The “iron law of taxation” is that the government will tax as much as voters will tolerate![i] There is no other limit to the acquisitiveness of politicians. So why do voters tolerate such high taxes? Clever politicians know voters are very tolerant of higher taxes—just so long as the higher taxes are imposed on others. The “rich” can be taxed without limit, just so long as I am not classified as “rich.” Cigarette taxes can be astronomical, because I don’t smoke. Estate taxes can be confiscatory as long as they are not applied to the estate of my parents. That is why we have unequal taxes—voters are very willing that others should suffer just so long as they don’t.
What should taxes be spent for? One obvious answer: national defense. But freedom from foreign invaders is as valuable to a poor person as it is to a rich one. Should one be taxed more than the other to maintain it? Similarly, being protected from criminals, having air controllers prevent plane crashes, or providing inoculations to prevent epidemics—these government services benefit us all equally regardless of how much income we make. The government would easily have enough income from moderate taxes to pay for such services—which benefit everyone equally. Government programs become expensive and taxes increase tremendously, however, when the goal is not to provide basic government programs, but rather to redistribute wealth.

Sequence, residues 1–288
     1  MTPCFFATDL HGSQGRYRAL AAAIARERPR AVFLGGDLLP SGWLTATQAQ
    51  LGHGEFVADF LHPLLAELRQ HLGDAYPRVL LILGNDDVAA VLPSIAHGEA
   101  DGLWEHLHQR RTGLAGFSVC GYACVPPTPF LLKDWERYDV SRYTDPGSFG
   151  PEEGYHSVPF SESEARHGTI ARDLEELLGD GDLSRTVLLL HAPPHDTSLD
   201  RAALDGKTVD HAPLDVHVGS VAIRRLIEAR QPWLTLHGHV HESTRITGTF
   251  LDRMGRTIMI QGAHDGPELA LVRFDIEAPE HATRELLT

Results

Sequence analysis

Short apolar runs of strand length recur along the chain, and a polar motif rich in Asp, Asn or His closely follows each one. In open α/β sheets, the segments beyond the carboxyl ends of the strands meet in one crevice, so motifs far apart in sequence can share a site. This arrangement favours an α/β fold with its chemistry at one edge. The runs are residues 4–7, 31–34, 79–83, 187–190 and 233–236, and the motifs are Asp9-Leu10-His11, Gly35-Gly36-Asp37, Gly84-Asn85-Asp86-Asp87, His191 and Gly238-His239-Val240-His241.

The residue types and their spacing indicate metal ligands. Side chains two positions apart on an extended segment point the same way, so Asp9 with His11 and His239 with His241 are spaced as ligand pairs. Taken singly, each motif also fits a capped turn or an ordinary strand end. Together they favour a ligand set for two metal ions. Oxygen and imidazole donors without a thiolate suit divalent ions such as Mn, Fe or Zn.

The blatantly announced purpose of higher tax rates for the rich coupled with a demand that the money be spent to provide tuition grants to the poor, subsidized housing, food stamps, Medicaid, etc. is the very foundation of President Obama’s re-election campaign. His platform is that these high taxes should be spent on programs that citizens who are better off are disqualified from receiving—simply because they have higher incomes. This is based on a belief that it is wrong for some people to have more than others, that wealth should be forcibly redistributed from those who have more to those who have less. This presidential campaign, perhaps more than others, focuses on that one question: Is it the proper role of the federal government to redistribute income from the rich to the poor. Each voter will have to answer that in determining who to vote for.
What is the right federal income tax policy? There are three options: (1) have everyone pay the same specific amount in taxes—say $2,000/year, regardless of how wealthy they are; (2) have everyone pay the same tax rate—say ten percent of income, regardless of how wealthy they are; or (3) do what we do now—intentionally require no income taxes from almost half the voters and high tax rates for the wealthy. Coupled to this last option are demands for more federal grants, subsidies, exemptions from regulations and fees, etc.—almost anything that transfers wealth to those who have less.